The git cat-file blob $i produces the contents of the blob whose ID is in $i. The grep searches the contents for the magic string. Normally grep would print the matching lines, but this behavior is disabled by the -q flag—the q is for “quiet”—and tells grep instead that it is being used only as part of a test: it yields true if it finds the magic string, and false if not. The && is the test; it runs echo $i to print out the object ID $i only if the grep yields true because its input contained the magic string.

So this loop fills the file MATCHES with the list of IDs of the blobs that contain the magic string. This worked, and I found that there were only 18 matching blobs, so I wrote a very similar loop to extract their contents from the repository and save them in a directory:

for i in $(cat /tmp/OBJBLOB ) ; do git cat-file blob $i | grep -q org-service-curr && git cat-file blob $i > /tmp/rescue/$i; done

Instead of printing out the matching blob ID number, this loop passes it to git cat-file again to extract the contents into a file in /tmp/rescue.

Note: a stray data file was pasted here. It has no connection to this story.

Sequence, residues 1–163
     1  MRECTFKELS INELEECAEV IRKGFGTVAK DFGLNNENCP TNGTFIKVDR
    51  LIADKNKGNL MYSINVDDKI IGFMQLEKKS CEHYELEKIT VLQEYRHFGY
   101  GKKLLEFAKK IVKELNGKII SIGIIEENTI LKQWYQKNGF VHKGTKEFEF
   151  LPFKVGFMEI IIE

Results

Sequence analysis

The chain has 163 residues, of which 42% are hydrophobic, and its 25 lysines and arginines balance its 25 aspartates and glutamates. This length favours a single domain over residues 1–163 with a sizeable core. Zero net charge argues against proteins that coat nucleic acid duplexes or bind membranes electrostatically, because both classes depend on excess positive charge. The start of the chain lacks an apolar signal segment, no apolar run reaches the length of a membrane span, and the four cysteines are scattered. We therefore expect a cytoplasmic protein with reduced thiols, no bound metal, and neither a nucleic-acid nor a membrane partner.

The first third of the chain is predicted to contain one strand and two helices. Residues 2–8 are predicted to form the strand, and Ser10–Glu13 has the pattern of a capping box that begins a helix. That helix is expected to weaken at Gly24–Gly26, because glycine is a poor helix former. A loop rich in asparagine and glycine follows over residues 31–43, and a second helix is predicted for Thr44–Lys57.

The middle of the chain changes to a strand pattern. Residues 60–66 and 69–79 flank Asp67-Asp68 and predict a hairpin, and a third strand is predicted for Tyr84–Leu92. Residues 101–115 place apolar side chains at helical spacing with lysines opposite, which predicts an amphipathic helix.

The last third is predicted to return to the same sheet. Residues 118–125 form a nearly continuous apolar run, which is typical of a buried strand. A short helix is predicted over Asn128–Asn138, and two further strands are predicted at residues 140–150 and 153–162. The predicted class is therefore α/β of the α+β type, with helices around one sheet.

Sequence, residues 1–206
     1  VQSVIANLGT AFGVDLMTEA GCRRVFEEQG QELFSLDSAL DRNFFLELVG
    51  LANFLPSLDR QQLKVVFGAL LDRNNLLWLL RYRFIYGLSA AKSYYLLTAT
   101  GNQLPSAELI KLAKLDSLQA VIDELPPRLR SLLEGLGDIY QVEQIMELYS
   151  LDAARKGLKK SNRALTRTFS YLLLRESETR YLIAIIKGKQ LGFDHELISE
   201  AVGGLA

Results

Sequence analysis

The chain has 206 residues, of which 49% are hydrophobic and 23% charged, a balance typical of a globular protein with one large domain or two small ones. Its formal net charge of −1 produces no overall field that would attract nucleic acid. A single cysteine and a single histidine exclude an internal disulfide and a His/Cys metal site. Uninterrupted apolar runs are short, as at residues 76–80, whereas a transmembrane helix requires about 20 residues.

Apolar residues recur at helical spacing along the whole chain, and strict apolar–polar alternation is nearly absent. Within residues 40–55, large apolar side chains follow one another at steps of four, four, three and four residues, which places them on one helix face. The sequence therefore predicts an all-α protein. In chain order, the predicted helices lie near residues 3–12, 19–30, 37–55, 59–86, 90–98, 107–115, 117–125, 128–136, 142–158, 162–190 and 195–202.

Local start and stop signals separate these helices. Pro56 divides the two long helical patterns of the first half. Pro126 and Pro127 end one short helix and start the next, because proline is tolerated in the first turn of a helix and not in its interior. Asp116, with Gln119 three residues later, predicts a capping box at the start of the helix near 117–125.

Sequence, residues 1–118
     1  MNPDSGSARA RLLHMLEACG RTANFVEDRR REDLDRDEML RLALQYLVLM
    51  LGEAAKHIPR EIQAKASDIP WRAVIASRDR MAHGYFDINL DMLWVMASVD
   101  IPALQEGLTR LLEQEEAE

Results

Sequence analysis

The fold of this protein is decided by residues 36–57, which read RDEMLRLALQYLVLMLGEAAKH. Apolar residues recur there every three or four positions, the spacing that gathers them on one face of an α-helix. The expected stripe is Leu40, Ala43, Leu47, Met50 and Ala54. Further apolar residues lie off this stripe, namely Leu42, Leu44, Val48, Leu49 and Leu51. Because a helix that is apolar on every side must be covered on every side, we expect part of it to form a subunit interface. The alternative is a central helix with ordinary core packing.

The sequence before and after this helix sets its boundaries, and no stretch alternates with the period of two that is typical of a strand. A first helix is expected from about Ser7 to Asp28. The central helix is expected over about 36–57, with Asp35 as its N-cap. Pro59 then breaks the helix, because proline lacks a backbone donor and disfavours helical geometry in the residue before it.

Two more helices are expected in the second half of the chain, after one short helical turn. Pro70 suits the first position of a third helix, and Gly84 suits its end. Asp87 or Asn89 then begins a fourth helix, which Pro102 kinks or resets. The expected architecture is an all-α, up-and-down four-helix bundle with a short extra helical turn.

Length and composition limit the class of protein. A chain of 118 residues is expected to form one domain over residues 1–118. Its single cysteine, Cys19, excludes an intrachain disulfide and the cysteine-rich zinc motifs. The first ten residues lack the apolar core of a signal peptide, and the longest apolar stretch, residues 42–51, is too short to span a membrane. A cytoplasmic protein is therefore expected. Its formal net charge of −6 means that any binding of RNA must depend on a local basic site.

The rest was simple. I made 8 subdirectories under /tmp/rescue representing the 8 different files I was expecting to find. I eyeballed each of the 18 blobs, decided what each one was, and sorted them into the 8 subdirectories. Some of the subdirectories had only 1 blob, some had up to 5. I looked at the blobs in each subdirectory to decide in each case which one I wanted to keep, using diff when it wasn't obvious what the differences were between two versions of the same file. When I found one I liked, I copied it back to its correct place in the working tree.

Finally, I went back to the working tree and added and committed the rescued files.

It seemed longer, but it only took about twenty minutes. To recreate the eight files from scratch might have taken about the same amount of time, or maybe longer (although it never takes as long as I think it will), and would have been tedious.